In the summer months, the sloths have access to the outside enclosures just as the primates do. Obviously the lighting is far better out there but it’s even rarer to catch them outside and awake than inside and awake – and then there’s that pesky fence. It’s not a huge enclosure outside (which really doesn’t bother the sloths) so they can’t really be far enough away from the fence for me to be able to effectively blur it out – especially if it’s sunny. Still, they really seem to enjoy it out there and the daylight really shows off the green tint to their fur. Believe it or not, that is actually algae that is growing on these beasts, due to their general lethargy and infrequent movement. I’m not sure if the marmosets at the Zoo were just having fun or actually eating the algae, but in the wild the sloth is quite beneficial to the little creatures who reside in the canopy of the rainforests with them. The algae provides the sloth excellent camouflage while they sit inert for days at a time – and also when they take their weekly crawl down to the ground to defecate – but it also is a food source for the monkeys and birds in the area. Additionally, many far smaller creatures make their homes in the sloth’s fur, including beetles and moths and the like. In fact, a sloth’s fur is basically an ecosystem unto itself and there are a few species of arthropods who exist in nature only in a specific sub-species of sloth. They can stick out their tongues up to a foot in length in order to reach the tasty leaves they crave without having to move their bodies any closer. And because they eat leaves almost exclusively, they have an extremely slow digestive process in order to glean all the minimal nutrients from each meal – a process that may take up to a month to complete. And oh yes: incredibly, they are excellent swimmers. They are truly remarkable creatures, all in all.
Bob the sloth, Sally’s new companion, is a bit of a minor celebrity in Toronto. During the FIFA World Cup of 2014 (ack, I can’t believe I’m writing about soccer!) Bob was asked to make a few predictions, including accurately choosing Germany as the eventual tournament winners. According to the Zoo, Bob correctly predicted 14 World Cup matches prior to the Finals, with an accuracy rate of over 70%. For his “efforts”, Bob was presented with a scroll from Deputy Mayor Norm Kelly later that summer. Well, Kelly tried to present it to him; Bob apparently refused to take it three times and when he finally did grab it he immediately dropped it to the ground. Now that is a sloth I can get behind: one who has almost exactly the same reaction to soccer as I do. No, I don’t wish to debate it. Thanks, anyway!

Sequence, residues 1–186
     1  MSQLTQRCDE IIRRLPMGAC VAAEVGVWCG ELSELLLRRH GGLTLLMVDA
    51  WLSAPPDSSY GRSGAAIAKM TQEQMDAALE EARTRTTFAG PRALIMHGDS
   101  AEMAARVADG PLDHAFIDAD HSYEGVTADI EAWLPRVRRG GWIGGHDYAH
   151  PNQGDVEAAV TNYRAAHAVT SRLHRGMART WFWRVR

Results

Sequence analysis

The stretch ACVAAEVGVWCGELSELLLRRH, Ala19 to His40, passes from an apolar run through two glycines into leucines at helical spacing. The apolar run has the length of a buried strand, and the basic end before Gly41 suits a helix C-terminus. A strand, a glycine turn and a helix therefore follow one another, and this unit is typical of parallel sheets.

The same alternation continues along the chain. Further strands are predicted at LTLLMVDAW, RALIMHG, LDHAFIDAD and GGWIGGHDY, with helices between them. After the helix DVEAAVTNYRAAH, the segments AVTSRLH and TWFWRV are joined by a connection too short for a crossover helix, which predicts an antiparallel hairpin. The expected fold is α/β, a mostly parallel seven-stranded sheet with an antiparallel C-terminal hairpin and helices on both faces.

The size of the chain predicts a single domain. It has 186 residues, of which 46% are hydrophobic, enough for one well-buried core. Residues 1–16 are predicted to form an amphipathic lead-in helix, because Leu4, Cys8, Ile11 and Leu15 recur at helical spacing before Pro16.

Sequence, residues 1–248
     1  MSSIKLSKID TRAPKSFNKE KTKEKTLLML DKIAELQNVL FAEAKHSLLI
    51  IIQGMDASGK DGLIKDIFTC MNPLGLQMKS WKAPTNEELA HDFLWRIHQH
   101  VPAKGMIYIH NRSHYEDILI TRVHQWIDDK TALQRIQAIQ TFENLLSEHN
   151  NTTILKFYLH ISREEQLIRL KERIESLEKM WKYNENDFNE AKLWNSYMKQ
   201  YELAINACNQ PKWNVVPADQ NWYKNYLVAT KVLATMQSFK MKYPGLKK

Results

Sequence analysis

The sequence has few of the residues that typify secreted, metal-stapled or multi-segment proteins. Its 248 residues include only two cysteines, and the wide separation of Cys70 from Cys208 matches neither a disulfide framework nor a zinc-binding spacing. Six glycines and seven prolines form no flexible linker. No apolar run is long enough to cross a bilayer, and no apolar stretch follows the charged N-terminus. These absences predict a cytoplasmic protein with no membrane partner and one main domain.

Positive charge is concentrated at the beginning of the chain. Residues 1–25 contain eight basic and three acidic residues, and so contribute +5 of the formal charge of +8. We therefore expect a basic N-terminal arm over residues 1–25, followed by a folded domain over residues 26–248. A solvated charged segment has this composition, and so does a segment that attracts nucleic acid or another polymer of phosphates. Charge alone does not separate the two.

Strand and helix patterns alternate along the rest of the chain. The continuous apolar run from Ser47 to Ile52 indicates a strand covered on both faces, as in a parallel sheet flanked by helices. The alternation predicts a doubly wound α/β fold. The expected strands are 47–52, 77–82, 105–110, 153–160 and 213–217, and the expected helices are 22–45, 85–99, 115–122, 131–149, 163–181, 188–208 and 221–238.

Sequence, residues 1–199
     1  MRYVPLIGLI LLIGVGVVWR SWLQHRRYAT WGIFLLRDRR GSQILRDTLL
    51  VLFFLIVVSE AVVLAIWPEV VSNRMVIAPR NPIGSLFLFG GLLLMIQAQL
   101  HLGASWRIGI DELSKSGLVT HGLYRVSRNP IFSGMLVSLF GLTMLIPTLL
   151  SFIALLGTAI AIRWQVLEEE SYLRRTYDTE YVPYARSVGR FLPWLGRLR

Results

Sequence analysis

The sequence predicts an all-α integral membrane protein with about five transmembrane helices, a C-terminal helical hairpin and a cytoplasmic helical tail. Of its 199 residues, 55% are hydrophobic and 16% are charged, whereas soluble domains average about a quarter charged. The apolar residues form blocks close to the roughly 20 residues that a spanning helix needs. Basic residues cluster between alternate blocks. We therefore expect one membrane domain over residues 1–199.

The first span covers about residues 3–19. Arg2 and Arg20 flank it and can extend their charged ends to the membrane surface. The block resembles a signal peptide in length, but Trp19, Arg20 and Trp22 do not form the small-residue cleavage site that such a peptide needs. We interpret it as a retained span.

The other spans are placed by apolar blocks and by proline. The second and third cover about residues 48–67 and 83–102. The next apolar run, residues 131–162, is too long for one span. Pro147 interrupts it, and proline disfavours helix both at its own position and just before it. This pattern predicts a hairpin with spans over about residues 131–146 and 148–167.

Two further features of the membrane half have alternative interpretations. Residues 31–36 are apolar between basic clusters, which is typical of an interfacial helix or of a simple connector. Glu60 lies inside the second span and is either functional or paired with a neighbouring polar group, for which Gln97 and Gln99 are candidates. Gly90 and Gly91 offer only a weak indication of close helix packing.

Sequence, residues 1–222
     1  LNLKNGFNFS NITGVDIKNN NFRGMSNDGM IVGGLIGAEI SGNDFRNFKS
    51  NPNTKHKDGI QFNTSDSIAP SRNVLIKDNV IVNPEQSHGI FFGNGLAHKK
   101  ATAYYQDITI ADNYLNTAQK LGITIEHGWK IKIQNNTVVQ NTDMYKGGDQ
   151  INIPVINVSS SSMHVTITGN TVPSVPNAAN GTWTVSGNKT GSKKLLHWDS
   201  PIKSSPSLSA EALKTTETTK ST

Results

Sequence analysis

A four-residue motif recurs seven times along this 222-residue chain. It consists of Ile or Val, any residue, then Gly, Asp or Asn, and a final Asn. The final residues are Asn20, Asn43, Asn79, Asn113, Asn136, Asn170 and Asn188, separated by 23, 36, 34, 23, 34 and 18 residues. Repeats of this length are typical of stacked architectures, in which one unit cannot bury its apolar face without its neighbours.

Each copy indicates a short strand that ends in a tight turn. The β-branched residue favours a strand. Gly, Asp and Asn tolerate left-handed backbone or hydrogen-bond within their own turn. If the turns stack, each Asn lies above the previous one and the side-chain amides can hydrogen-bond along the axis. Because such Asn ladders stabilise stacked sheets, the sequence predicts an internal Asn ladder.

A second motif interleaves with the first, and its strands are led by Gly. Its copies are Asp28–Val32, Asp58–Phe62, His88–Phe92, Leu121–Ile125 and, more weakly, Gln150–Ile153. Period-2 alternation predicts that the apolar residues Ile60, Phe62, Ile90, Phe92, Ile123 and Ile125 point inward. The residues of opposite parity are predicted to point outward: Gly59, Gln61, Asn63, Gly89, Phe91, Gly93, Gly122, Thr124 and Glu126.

Anyhow…. here is a cute video of Bob from the next year when he appeared on an episode of something called Amazing Animals, which I think was a production of the Metro newspaper out of Durham:
Also, while I’m sharing videos with you…..recognize this? (It’s rhetorical; I can’t imagine any of you will answer “no”…)
Yes, that’s “Anna” from Frozen. Why am I including her in this story about sloths? Well, Anna is voiced by the adorable Kristen Bell, best known previously for her roles as “Veronica Mars” and in the film Forgetting Sarah Marshall, although she came to my attention through her semi-regular appearances on Craig Ferguson’s Late, Late Show. And Kristen Bell has a passion for sloths. Quite a passion. An incredible passion. I could go on….but take a look at this instead:
I can’t imagine following that, so I’ll just end it here for this month.
Please come back in November for a pre-fatherhood shot of one of the most photogenic creatures at the Zoo – when you can catch him in good lighting, that is. As always, thanks for joining me on this continuing journey!